Friday, July 12, 2019

Mortal Kombat in the Heavens

The dirtbag Right loves to wave religion around, which doesn't particularly distinguish them from many liberals and progressives and leftists.  So of course I've been seeing numerous liberals scolding the Right for, as they see it, "distorting Scripture."

Daniel Larison, whose work I mostly like, praised this article by Bonnie Kristian attacking Mike Pompeo for "misrepresenting the Bible to gin up war with Iran."  The article is a rebuttal worth reading, it contains some important arguments, but it falls down here and there.  The author focuses on Pompeo's use of the biblical Book of Esther, which she says "is a story of different kinds of courage, of God working in unexpected ways, of assurance of eventual justice for the downtrodden."  The trouble here is that Esther is notorious for not mentioning God, or his working, at all.  The only other biblical book that doesn't mention God is the Song of Solomon, which is about sex; of course that hasn't stopped theologians, Jewish and Christian alike, from interpreting it as an allegory of God's boner for Israel, or Christ's for the Church.

Kristian is right that Esther "is not a lesson on the longstanding malfeasance of the Iranian people. Esther offers no commentary on Islam, which did not exist when it was written. It is not included in the Jewish and Christian scriptures to tell us Iran is bad."  If anything, it depicts Persia/Iran as a haven for Jews after the bad guys who conspired to harm them were exposed and punished.  But that's something else Kristian papers over, what this article calls "the bloodthirsty bits": Haman, the royal official who led the plot against Esther's people,
was hanged, or more likely impaled; the Jews were given permission to "destroy, kill and annihilate" their enemies, with their women and children (8:11), a permission of which they took full advantage. Esther asked for an extension of the bloodletting (9:13) and for the impalement of Haman's 10 sons; 800 men were killed in the capital Susa and 75,000 elsewhere in the empire. The Jews were saved, Mordecai was promoted and the events have been celebrated on the Feast of Purim ever since.
That's presumably what Bonnie Kristian meant by "eventual justice for the downtrodden."  It's probably the part that Pompeo likes best, and that inspires his agenda on Iran.  I wouldn't accuse Kristian of misrepresenting the Bible, exactly, but she certainly de-emphasizes to the point of erasure the part that most resonates spiritually for Pompeo and other right-wing supporters of Israel -- including the Israeli government -- who'd like to treat Iran as Esther did.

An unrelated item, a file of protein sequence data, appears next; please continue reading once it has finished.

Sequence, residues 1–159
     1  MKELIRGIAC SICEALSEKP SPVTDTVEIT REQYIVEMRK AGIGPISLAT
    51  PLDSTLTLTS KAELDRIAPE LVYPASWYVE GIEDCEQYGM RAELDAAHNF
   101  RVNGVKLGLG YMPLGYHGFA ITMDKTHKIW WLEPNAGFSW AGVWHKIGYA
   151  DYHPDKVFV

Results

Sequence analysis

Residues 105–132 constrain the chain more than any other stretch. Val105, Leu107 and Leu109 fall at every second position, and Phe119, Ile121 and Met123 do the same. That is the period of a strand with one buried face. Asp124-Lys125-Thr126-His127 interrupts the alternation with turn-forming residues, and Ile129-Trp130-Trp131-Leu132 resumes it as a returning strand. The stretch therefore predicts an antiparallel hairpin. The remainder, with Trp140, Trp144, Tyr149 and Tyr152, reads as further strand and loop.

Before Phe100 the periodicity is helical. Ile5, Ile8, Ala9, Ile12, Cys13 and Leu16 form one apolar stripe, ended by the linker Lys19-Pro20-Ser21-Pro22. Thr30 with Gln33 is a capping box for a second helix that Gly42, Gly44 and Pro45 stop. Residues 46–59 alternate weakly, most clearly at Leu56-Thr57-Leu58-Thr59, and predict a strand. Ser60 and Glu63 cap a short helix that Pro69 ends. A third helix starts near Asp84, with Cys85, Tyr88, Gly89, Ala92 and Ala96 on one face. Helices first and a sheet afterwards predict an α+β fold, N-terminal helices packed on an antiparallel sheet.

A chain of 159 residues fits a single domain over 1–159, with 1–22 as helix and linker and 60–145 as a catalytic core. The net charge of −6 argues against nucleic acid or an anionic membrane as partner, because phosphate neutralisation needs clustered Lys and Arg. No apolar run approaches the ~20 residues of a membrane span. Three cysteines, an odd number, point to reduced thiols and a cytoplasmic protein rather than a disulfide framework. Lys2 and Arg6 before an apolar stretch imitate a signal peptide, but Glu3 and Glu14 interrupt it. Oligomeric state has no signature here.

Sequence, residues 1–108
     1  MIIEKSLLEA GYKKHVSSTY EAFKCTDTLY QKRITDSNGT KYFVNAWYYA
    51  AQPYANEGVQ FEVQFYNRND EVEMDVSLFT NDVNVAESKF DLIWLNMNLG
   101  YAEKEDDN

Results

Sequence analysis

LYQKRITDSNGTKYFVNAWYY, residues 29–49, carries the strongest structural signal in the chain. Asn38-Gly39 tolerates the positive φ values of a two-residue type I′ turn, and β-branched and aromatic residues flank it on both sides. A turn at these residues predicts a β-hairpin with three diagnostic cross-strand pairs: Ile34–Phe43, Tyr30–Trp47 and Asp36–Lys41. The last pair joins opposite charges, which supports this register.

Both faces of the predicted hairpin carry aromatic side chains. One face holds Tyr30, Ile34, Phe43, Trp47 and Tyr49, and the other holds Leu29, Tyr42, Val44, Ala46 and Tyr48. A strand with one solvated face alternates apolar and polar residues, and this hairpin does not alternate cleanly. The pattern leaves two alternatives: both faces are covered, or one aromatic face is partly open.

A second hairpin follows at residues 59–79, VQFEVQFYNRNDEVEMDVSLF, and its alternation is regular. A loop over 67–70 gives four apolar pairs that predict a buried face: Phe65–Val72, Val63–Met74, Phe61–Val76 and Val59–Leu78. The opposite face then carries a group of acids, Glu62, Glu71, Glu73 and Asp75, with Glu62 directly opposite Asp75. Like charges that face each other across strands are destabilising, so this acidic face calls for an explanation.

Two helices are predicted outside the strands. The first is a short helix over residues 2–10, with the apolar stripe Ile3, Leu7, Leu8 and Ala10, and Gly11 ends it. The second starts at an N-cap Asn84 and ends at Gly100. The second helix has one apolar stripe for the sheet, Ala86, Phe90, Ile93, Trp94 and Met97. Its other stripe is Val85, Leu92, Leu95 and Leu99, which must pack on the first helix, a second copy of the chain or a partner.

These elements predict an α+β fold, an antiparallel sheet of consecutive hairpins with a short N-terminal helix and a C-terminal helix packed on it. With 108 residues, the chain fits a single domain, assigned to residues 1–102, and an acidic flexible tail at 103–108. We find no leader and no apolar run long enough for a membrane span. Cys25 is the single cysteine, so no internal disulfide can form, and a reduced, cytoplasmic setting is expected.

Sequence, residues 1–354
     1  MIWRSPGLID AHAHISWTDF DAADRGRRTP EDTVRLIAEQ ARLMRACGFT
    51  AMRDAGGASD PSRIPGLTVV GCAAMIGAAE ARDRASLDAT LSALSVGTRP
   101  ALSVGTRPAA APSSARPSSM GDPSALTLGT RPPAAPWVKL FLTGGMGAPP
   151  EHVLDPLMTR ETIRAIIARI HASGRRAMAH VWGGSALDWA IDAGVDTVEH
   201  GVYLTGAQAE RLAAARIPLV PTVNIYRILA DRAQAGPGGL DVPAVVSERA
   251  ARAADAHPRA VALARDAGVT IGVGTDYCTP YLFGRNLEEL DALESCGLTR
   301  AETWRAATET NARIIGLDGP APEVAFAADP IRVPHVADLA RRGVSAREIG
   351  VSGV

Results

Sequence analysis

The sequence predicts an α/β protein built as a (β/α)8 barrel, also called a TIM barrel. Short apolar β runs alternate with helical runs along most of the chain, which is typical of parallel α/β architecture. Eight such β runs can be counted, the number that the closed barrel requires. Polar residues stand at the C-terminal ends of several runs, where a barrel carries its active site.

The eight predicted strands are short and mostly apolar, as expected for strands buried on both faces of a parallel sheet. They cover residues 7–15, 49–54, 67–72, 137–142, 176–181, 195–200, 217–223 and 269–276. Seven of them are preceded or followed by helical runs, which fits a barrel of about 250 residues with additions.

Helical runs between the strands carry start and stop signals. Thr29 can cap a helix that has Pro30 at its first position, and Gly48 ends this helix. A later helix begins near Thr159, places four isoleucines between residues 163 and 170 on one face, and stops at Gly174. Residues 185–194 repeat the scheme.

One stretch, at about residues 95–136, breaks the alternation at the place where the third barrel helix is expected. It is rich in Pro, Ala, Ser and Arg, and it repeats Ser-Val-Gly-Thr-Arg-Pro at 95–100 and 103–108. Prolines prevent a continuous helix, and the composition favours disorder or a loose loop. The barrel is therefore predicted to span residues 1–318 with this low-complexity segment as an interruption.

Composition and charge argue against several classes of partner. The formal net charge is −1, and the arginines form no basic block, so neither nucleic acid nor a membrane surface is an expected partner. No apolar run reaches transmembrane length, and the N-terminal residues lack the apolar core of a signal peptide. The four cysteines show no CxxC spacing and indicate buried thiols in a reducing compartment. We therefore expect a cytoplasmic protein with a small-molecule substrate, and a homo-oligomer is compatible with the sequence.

Lest someone complain that Esther is the Old Testament, for chrissake, and the New Testament is about love, it's not full of hate and vindictiveness and judgment like the Old -- that's just not true. The New Testament is full of bloodthirsty fantasies of "eventual justice for the downtrodden," from Jesus' constant threats of eternal torture to the extravagant blood-in-the-streets-to-the-height-of-the-horses'-bridles visions of the Revelation.  And as I pointed out recently, the video-game ultraviolence of the Revelation is perpetrated by the good guys, the servants of the Lamb, not by Satan's minions.

Kristian's piece on the abnormality of the Pledge of Allegiance is much better.  But she, no less than Mike Pompeo, can't seem to represent the Bible in all its messy complexity.  It's not necessarily invalid to use stories, ancient or modern, to comment on current events and controversies, but one should at least try to get the details and the context right.  I'll be having more to say about this soon, perhaps including Bonnie Kristian's well-meant but inadequate attempt to resolve the role of religion in American political life.  But I have numerous other examples by other writers who dwell on the specks of biblical misrepresentation in their brothers' and sisters' eyes, while ignoring the beams in their own.